Accurately forecasting IT spend manages technology with agility
The challenge of accurately forecasting IT spend starts with the shortcomings of the most widely used budgeting tool—spreadsheets.
When changing business priorities come into view, and the brittleness of intertwined spreadsheets and nested formulas is rudely exposed, all bets are off on whether a spreadsheet will deliver accurate forecasting. You deserve better than this.
Traditional budgeting success is measured by negligible spend-to-budget variance and manageable true-ups. Today, expectations are different. Business partners need IT to offer agility, accountability, and choice. Forecasting maturity offers an incremental approach to meeting these expectations.
The IT forecasting maturity model discusses the four stages of forecasting maturity and how (and when) IT organizations should move from one stage to another.
The four stages:
- an annual budget without forecasting
- an annual budget with quarterly forecasting
- an annual budget with monthly forecasting
- and rolling (continuous) forecasts.
This article looks at organizations using annual budgets without forecasting; their challenges and the signs that indicate you are ready to adopt a forecasting cadence.
Why do organizations use annual budgets without forecasting?
The annual budget asks organizations to rise out of the day-to-day and think in the long-term. It forces a re-evaluation of priorities, aligns resources to business initiatives, and defines key performance indicators (KPIs) that align to your IT strategic planning process.
What type of organizations use annual budgets without forecasting?
An annual budget with no forecasting serves organizations who look at IT spend as overhead. When IT isn’t seen as an enabler of business value, organizations want to stay on budget and avoid surprises. In this view, IT is seen as a cost center, not a value creator. IT isn't expected to be a business differentiator; it’s a utility. CIOs in these organizations don’t drive c-suite strategy conversations. They are measured against keep the lights on success and trimming costs. They deliver value—just not strategic value.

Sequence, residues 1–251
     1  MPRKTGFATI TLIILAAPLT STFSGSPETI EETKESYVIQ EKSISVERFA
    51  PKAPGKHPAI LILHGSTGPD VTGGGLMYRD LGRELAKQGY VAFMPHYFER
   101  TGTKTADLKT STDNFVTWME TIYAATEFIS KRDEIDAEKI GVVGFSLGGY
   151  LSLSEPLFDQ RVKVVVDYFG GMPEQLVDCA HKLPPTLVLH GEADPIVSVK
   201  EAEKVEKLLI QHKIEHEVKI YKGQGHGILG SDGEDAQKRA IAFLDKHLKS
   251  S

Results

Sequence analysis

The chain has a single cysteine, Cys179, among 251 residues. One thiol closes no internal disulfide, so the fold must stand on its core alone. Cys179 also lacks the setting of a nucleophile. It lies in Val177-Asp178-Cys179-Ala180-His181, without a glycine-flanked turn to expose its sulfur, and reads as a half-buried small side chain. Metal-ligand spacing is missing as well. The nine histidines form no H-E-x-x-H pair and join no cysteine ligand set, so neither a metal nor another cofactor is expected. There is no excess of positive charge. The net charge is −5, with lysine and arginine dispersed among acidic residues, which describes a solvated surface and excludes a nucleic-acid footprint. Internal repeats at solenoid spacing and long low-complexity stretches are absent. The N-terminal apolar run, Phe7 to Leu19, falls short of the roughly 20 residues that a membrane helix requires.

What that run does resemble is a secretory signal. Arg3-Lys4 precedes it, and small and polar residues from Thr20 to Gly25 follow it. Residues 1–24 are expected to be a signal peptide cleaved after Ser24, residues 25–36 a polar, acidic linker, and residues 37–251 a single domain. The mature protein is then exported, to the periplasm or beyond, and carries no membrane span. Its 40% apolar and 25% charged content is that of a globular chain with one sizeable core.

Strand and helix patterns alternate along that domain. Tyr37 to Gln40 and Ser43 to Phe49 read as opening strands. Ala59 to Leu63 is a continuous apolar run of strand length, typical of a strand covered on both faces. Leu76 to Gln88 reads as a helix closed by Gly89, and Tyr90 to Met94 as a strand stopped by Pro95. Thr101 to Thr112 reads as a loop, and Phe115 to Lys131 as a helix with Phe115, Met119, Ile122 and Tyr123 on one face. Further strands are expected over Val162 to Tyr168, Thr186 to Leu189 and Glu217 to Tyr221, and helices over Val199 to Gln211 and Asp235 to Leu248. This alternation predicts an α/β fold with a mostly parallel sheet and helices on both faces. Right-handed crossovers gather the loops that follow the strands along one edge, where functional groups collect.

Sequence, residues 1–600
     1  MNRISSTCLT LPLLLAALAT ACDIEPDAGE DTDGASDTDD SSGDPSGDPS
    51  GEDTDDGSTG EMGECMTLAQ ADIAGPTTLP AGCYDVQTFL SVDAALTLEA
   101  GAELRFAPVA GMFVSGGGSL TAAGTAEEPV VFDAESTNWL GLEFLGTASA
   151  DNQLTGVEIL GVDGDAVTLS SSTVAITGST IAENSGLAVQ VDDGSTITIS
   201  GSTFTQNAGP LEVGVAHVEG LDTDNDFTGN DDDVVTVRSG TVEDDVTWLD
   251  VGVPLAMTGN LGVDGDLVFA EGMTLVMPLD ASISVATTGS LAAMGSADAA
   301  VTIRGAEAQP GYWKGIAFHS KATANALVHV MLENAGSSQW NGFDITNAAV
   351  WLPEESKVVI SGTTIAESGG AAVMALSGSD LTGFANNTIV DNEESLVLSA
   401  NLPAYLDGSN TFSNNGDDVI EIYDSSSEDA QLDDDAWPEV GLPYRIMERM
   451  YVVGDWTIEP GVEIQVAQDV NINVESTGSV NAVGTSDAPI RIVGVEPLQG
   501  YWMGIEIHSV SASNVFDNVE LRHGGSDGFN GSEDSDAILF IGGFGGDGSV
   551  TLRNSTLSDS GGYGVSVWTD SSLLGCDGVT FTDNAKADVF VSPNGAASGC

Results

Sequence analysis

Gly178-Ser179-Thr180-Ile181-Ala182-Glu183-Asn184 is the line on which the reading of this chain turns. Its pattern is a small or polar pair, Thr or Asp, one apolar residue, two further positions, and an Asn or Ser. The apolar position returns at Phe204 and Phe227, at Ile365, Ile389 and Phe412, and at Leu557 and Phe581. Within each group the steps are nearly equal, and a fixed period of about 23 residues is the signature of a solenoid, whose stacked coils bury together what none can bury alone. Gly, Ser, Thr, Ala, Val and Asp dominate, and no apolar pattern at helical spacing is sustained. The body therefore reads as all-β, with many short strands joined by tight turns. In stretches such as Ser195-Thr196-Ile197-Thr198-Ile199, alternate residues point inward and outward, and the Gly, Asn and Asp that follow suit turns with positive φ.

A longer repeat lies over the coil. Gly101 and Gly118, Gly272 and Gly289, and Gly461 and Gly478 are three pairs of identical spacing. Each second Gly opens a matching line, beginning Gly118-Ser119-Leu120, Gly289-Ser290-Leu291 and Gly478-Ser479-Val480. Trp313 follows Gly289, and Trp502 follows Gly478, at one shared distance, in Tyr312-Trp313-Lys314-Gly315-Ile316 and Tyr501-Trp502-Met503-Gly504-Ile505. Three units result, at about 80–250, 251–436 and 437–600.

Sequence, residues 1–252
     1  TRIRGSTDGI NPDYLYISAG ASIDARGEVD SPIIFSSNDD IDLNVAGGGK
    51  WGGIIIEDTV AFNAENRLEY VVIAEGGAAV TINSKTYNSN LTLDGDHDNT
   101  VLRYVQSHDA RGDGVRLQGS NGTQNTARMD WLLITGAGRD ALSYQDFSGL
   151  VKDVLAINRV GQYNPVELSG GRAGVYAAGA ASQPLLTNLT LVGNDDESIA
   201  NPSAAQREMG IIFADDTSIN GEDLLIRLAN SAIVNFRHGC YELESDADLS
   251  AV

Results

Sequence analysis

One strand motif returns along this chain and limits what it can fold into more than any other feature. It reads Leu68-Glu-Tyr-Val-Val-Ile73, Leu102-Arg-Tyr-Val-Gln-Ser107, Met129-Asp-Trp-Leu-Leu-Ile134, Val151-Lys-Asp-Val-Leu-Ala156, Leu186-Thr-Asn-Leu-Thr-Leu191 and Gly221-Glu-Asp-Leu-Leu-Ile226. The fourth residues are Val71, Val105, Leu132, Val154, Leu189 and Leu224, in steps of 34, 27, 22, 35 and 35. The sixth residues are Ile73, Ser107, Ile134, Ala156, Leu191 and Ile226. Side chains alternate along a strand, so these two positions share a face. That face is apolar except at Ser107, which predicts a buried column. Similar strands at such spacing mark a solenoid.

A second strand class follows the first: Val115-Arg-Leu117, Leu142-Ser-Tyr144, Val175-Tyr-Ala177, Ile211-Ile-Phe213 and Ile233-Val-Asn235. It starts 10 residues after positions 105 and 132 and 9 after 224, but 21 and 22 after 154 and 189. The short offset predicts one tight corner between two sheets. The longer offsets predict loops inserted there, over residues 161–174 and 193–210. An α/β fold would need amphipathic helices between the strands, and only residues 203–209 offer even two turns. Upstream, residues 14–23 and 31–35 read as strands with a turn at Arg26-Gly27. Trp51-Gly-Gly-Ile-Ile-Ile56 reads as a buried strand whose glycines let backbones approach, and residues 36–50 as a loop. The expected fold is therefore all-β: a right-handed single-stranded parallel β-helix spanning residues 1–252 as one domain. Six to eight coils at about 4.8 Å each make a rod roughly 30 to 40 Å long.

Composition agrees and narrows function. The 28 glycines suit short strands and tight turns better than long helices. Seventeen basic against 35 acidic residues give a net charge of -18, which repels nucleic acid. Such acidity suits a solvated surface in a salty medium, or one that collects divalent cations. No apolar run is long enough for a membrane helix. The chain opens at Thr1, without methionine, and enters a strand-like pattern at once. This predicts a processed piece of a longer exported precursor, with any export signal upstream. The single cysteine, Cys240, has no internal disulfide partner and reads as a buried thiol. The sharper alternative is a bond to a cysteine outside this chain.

What challenges do you encounter by not forecasting IT spend?
Complexity. Management of IT spend-to-plan defaults to spreadsheets, corporate performance management solutions, and email, which is not a good way to manage the most complex domain in your organization. IT Finance spends too much time wrangling complex, error-prone spreadsheets and too little time delivering financial agility.
Too much effort. You endure annual budgeting with poor tools as it’s seen as the cost of doing business. But there are limits to what IT finance will put up with. Without a purpose-built IT planning solution, no-one has the time (or tools) to elevate the annual budgeting process beyond an act of governance. Complete the budget process first, and (if there’s time) layer in strategic value later. Which, to be self-aware, there never is.